Christian Churches of God
The Angel of YHVH
(Edition 1.1 19940514-19980513)
This work develops the identity of the Angel of YHVH or Yahovah in the Old Testament. The result has some disturbing implications for the teachings of modern Christianity.
The Angel of YHVH
This work develops the identity of the Angel of YHVH in the Old Testament. The Bible teaches there is only One True God.
There have been teachings in the twentieth century that asserted that the YHVH - Yahovah of the Old Testament referred only to Jesus Christ, that Christ came to reveal the Father’s existence, that the “Word” always existed alongside the Father, and thus Jesus Christ, as the Word, had no beginning. It follows, from these assertions, that there were Two God Beings from eternity. But Scripture, which cannot be broken, says otherwise. There is only one True God (Jn 17:1-3, 1Cor 8:6, 1Tim 2:5).
It was taken for granted in the New Testament that God the Father was the God of the Old Testament, the God of Israel, and that He had sent His Servant, Jesus, to us (Acts 2:22-24; 3:13). God the Father must have been known to these men, otherwise these statements would not have made any sense.
Jesus was the Son of God (Luke 1:30-35, 9:35), the Chosen of God (Luke 23:35), the Servant of God (Mat 12:18). God spoke through His Son (Heb 1:1-2).
It is plain in the O.T. that YHVH did not exclusively refer to the one who became Christ. There are many passages where the Hebrew YHVH is translated as LORD, and can only refer to God the Father (e.g. Deut 18:15; cf. Acts 7:37, Acts 2 and 3; Psa 2:2,7; 110:1, 45:6,7.
In the Songs of the Servant from Isaiah 42:1-9; 49:1-13; 50:4-11; 52:13-53:12 it is clear that YHVH must refer to God the Father. Also read Zechariah 13:7. Thus to say that Christ came to tell the people about a God unknown to them is quite presumptuous.
A foundational principle is that there is only one True God, whom no one has ever seen or heard (Jn 17:3; 1Tim 6:16; Rev 15:4; Jn 1:18; 1Jn 4:12; Jn 5:37, 6:46).
The term “angel” has created problems with our thought processes. The Hebrew is mal’ak which means “messenger”, and the Greek word is aggelos which also means “messenger”, and can be used of both humans and spirit beings. In Revelation 21:17 the terms “man” and “angel” become synonymous.
In the O.T. mal’ak denotes messengers, sent from God or sent by humans (Gen 32:1-3). The messenger was a representative of the one who despatched him, and honour to him signified honour to the sender (Jn 5:23).
The point is, an “angel” is a “messenger”.
So in the O.T. the one designated Mal’ak YHVH or the “Angel of the LORD” and Mal’ak Elohim “the Angel of God” is the most significant and relevant to this paper. This Messenger bore the Presence of God. He carried the Authority of God (Ex 23:20-23) and the name of God.
The Angel of YHVH meets the fleeing maidservant, Hagar (Gen 16) and refers to YHVH in the third person. Thus we see how the Angel of YHVH carries the title YHVH but also speaks on behalf of his YHVH, whom he represents (Gen 16:7-13). In Genesis 21:17-20 the Angel of God (elohim) is speaking on behalf of God (elohim).
So it can be seen that YHVH is a distributed title, and in the Genesis18 account of Abraham and the three angels (messengers), they are interchangeably called men, angels, YHVH. In Genesis 19:24 the angels, termed YHVH rain fire down from YHVH in heaven. So YHVH is not an exclusive title to the one who became Christ, as was taught by some churches.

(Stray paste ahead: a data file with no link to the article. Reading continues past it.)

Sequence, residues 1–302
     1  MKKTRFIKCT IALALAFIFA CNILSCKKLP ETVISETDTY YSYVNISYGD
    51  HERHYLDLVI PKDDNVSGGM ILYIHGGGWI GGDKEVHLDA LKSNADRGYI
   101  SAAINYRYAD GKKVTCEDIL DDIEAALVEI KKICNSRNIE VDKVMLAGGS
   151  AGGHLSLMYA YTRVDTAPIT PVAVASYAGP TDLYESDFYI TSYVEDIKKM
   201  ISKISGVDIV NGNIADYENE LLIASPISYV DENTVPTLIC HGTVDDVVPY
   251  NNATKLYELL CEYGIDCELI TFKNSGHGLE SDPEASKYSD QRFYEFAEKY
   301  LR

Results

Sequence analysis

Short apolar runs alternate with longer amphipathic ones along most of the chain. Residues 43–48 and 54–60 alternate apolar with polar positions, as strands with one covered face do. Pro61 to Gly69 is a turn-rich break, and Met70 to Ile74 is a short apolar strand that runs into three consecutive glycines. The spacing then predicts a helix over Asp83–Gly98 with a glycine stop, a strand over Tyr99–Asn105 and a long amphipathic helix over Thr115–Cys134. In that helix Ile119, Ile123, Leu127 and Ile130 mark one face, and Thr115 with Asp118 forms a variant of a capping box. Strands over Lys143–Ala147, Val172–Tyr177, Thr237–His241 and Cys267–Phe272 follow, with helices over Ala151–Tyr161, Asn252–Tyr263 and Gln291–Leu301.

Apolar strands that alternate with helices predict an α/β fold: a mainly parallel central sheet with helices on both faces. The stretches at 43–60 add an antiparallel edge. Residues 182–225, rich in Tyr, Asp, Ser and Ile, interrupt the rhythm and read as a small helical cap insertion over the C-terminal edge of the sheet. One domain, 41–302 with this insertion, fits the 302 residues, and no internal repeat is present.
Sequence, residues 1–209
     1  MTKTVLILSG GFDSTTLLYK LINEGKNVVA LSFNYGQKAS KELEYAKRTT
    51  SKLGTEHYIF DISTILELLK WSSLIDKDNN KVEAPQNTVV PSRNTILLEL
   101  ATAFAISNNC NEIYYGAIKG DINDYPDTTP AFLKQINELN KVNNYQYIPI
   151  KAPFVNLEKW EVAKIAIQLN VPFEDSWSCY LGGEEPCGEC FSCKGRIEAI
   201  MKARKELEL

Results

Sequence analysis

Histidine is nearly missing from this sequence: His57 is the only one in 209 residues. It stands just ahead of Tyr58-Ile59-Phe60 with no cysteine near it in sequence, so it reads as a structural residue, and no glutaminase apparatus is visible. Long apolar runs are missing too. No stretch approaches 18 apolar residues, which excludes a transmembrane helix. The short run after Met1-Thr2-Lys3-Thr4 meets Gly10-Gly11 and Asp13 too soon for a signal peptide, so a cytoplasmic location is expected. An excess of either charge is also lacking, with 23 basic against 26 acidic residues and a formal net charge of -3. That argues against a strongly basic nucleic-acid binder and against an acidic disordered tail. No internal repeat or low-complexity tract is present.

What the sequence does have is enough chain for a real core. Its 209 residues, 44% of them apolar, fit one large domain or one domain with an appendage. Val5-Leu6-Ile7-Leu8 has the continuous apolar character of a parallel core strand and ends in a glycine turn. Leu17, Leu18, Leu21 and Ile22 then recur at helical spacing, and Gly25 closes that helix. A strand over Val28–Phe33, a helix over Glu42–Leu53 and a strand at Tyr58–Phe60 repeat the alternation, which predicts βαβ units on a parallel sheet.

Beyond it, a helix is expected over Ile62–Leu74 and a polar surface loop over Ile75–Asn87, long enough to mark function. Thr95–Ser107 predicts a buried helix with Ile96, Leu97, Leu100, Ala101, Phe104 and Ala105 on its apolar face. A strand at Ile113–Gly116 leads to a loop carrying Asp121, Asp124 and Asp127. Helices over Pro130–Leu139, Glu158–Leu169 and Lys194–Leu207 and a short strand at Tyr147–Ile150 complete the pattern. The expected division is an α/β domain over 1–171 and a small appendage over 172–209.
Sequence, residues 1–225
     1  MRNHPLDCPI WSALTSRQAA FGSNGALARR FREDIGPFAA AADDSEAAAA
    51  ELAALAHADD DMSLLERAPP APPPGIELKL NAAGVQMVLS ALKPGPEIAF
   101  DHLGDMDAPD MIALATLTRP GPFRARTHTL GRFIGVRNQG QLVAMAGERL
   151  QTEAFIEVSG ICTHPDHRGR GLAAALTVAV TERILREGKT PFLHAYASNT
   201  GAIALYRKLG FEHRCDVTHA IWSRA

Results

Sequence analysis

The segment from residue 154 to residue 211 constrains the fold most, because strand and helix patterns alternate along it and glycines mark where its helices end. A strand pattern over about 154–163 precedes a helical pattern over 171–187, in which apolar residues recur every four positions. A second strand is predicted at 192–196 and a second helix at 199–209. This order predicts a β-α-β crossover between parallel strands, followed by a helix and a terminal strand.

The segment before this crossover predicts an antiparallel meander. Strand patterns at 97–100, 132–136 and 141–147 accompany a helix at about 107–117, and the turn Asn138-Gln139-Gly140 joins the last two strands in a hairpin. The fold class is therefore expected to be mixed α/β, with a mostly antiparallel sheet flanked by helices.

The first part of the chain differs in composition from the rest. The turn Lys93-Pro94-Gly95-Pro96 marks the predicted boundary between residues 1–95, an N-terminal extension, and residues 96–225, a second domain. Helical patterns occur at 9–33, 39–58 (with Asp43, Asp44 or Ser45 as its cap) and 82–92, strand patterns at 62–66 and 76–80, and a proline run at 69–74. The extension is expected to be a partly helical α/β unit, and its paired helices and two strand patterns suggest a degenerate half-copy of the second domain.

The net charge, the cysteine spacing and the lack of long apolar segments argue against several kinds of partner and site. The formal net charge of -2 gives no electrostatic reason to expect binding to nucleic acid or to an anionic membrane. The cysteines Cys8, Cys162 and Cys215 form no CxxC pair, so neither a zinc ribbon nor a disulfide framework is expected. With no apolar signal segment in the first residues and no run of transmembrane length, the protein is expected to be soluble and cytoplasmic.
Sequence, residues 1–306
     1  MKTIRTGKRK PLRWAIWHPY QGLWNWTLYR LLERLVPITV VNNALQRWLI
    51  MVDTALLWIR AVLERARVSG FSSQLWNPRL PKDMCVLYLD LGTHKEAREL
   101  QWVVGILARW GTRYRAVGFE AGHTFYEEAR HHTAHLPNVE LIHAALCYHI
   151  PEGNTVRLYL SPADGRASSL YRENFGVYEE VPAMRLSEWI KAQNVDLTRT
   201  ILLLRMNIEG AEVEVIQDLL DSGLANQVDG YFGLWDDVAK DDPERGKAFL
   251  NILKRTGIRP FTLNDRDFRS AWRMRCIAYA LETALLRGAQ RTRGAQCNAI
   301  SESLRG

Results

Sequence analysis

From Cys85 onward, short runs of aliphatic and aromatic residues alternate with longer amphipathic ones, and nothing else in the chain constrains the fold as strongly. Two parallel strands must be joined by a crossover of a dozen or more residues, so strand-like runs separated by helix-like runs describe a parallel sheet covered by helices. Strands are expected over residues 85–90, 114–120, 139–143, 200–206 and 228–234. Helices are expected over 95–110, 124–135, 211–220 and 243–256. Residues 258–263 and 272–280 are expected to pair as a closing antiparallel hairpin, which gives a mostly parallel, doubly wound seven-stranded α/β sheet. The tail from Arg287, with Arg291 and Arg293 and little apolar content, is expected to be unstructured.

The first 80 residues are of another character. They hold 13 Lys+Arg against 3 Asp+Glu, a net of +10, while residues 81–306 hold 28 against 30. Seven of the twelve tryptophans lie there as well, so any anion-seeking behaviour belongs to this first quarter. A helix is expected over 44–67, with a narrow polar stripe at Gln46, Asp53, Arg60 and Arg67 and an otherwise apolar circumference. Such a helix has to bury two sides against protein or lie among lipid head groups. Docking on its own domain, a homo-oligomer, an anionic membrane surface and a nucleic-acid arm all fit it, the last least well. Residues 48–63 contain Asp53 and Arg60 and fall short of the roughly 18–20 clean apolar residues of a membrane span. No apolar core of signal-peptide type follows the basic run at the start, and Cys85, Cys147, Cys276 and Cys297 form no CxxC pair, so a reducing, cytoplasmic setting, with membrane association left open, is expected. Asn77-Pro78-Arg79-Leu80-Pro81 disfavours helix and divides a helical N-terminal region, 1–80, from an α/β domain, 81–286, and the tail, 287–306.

The Angel who prevented Abraham from slaying Isaac said “now I know”, which shows he did not know the outcome of the test, and therefore cannot be the God Almighty who knows the end from the beginning.
This is exactly the case with Christ. Even after His resurrection and exaltation He was given revelation from God Almighty which He passed onto John in the Book of Revelation (Rev 1:1). Mark 13:32 shows Christ was not omniscient as a man.
Later Abraham showed he understood the distinction between YHVH, God of Heaven, and the Angel or Mal’ak who was this YHVH’s messenger (Gen 24:7,40,48). Similarly Jesus fulfils a similar role of leading, protecting, blessing and representing God (Mat 28:18-20).
The Angel who appeared in a dream to Jacob (Gen 28:11-21) and again in Genesis 31:11-13 is called Mal’ak HaElohim, which is the Messenger of THE God. He is also God of the House of God – El Bethel. He is equated to God who led Jacob all his life (Gen 48: 15,16) and is called the Angel of Redemption. Christ is our Redeemer (Gal 3:13 - 4:5).
Jacob also wrestled with a “man” and he said “I have seen God (elohim) face to face”. So this man bore the Presence of God in himself. Christ represents the “face of God” to us (Jn 14:9; 2Cor 4:6; Col 1:15).
The Church of God from the first century has accepted that the Angel who spoke to Moses from the burning bush, who gave the Ten Commandments at Mt. Sinai, who led Israel through the wilderness, and the One who conversed with Moses in the first person, was Christ before his human birth (1Cor 10:1-4), and understood Christ to be the Angel of God (Gal 4:14).
Stephen’s address in this regard must be studied (Acts 7, especially vs. 30-38).
This paper addresses many other headings such as the Angel in the Bush, and Angel in the Cloud, the Angel as the Giver of the Law, the Angel as the Presence of God and so on.
Thus, the conclusion is there is coherency and unity between the Old and New Testaments. God the Father is the one True God of both collections of Scripture. Christ is His mediator, and agent of redemption, the one who reveals His will to humanity.
This paper also has 7 appendices which more extensively cover aspects of the content.
Was Christ the Son of God before his Birth
Christ and Melchizedek
The Exaltation of Messiah and his Titles
Commentaries on the Angel of YHVH
Early Church Views on Angels and Christ
Worship in the New Testament